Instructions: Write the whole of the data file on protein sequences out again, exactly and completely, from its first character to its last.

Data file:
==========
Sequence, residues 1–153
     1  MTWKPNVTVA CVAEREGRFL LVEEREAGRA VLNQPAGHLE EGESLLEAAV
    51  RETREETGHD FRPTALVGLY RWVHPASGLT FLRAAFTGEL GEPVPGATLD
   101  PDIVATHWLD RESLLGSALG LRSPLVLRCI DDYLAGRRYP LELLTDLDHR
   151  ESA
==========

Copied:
Sequence, residues 1–153
     1  MTWKPNVTVA CVAEREGRFL LVEEREAGRA VLNQPAGHLE EGESLLEAAV
    51  RETREETGHD FRPTALVGLY RWVHPASGLT FLRAAFTGEL GEPVPGATLD
   101  PDIVATHWLD RESLLGSALG LRSPLVLRCI DDYLAGRRYP LELLTDLDHR
   151  ESA